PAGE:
Kenya’s High Court in Nairobi today delayed a much-anticipated ruling on a lawsuit challenging the nation’s anti-gay laws.
The decision was rescheduled for May 24.
The Kenyan court said its workload forced the delay, according to an Agence France-Presse report:
“The files are above my height… we are still working,” said Chacha Mwita, one of the judges, who added that one of his colleagues was on leave and that the three-judge bench were juggling multiple cases. …
“We plan to meet in April if all goes well and see whether we can come up with a decision. You do not appreciate what the judges are going through.”
The delay was met with dismay by Kenya’s LGBT community and their allies, who have been anxiously awaiting a ruling on the petition, which was filed three years ago.
“To say we are disappointed would be an understatement,” the National Gay and Lesbian Human Rights Council (NGLHRC), one of the petitioners, wrote on Twitter….
While convictions under the decades-old laws are rare, gay activists say the legislation is unconstitutional and fuels homophobic persecution.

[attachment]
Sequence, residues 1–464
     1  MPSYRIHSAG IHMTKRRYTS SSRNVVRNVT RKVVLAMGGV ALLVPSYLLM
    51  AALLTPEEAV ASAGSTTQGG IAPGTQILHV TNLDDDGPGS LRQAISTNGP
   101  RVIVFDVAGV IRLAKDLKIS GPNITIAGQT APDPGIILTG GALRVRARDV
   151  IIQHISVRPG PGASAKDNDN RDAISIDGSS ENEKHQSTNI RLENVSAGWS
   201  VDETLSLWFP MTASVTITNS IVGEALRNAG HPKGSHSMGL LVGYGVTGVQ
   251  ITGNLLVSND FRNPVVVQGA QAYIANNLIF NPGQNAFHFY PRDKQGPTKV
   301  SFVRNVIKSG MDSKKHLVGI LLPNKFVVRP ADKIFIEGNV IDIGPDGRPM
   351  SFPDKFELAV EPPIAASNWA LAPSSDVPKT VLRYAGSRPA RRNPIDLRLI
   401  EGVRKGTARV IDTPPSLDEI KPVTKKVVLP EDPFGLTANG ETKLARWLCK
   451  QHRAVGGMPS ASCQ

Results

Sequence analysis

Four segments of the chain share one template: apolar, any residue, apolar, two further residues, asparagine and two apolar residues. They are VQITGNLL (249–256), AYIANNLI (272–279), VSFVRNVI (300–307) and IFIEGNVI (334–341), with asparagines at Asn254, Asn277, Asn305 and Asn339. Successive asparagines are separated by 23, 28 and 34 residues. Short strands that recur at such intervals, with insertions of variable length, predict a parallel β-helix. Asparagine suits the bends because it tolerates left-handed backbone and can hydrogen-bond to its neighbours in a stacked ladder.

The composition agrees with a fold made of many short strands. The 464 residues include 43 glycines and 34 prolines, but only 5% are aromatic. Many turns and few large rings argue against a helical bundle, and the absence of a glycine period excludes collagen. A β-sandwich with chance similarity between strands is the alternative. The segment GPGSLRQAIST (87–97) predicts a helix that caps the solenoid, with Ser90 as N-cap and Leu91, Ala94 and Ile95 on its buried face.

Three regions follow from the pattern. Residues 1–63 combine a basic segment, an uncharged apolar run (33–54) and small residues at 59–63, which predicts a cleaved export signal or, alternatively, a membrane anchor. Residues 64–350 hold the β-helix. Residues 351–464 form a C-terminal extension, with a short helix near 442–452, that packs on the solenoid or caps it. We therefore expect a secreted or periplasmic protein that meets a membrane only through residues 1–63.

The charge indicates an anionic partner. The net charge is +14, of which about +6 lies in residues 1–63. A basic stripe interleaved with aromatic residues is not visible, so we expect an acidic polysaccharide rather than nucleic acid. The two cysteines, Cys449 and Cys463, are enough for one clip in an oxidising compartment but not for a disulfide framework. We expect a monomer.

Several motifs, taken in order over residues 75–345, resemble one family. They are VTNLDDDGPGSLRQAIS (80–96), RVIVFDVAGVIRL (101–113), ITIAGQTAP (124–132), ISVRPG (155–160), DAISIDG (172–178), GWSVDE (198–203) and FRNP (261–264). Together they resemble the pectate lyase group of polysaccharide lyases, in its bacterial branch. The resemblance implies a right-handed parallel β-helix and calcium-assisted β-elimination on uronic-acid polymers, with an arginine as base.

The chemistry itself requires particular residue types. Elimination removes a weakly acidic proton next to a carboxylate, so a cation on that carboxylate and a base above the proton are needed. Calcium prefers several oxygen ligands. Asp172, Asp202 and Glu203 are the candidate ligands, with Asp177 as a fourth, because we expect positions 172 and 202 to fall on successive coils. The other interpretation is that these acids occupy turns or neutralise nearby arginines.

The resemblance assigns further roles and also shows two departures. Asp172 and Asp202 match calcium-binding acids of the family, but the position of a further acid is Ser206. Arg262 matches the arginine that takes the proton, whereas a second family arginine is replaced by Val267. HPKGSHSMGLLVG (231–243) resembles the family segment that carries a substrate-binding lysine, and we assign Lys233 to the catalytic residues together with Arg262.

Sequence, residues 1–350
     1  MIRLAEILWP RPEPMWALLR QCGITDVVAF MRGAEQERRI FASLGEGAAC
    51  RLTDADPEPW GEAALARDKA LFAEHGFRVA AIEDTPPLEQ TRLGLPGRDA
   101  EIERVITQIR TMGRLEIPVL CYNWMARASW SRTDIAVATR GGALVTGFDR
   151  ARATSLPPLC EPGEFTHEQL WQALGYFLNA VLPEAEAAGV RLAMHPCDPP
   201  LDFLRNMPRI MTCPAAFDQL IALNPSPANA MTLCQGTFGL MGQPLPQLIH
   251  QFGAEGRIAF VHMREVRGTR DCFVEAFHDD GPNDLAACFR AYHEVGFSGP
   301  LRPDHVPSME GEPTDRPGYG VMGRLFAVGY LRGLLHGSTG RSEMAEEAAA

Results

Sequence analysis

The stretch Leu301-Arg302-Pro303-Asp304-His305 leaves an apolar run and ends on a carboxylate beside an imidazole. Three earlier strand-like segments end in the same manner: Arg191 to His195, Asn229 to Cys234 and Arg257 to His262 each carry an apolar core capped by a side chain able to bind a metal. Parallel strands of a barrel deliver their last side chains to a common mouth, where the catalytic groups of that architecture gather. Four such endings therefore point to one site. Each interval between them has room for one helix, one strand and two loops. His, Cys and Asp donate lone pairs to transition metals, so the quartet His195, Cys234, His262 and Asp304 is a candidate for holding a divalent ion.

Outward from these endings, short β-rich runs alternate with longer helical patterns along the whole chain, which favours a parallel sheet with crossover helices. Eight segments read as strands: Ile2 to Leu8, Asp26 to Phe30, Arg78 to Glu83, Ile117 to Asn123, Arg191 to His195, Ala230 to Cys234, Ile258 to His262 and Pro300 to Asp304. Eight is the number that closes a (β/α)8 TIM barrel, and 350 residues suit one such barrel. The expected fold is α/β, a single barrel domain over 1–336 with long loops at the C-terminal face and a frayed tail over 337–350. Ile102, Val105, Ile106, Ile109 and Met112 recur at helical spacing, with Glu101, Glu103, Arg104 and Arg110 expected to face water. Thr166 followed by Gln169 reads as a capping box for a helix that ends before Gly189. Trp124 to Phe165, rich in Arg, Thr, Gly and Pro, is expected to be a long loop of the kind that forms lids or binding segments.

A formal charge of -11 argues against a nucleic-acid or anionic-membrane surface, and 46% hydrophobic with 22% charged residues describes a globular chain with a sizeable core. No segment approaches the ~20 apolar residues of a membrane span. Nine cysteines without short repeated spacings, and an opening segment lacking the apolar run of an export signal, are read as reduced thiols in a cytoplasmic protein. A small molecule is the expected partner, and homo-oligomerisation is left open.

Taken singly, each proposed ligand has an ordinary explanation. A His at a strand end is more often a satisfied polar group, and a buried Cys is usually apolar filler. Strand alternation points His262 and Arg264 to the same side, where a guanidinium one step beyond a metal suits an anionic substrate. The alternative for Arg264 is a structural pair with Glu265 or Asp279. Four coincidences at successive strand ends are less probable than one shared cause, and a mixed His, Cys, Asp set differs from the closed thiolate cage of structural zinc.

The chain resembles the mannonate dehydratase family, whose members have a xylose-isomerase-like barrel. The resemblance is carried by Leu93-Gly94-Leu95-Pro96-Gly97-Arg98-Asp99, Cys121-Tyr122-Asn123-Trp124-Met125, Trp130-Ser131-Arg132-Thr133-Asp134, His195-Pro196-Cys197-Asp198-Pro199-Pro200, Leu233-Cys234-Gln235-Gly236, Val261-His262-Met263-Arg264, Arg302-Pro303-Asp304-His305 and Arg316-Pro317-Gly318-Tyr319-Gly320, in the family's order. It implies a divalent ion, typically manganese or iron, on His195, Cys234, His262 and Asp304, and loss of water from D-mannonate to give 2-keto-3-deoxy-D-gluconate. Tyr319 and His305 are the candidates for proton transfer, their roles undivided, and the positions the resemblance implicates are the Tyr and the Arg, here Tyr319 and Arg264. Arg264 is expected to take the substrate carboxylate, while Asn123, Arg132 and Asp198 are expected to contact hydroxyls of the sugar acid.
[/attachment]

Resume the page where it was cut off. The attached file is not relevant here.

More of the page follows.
Imani Kimiri of the NGLHRC’s legal team, told AFP her office dealt with 15 prosecutions under the laws in 2018, but cannot recall the last conviction — slamming the process as “just a frustrating endeavour”.
The petitioners argue that under Kenya’s 2010 constitution every person is said to be equal before the law — a protection directly contradicted by the disputed sections of the penal code.
Those who are blackmailed, evicted, fired, expelled from school, or assaulted over their sexual orientation, are unable to access justice because it means “confessing to a crime”, said Eric Gitari of the NGLHRC.
Of Africa’s 55 countries, 33 have laws against homosexual activity.
Angola repealed its anti-gay law in January. Botswana’s High Court is scheduled to hear a challenge to that nation’s anti-gay law next month.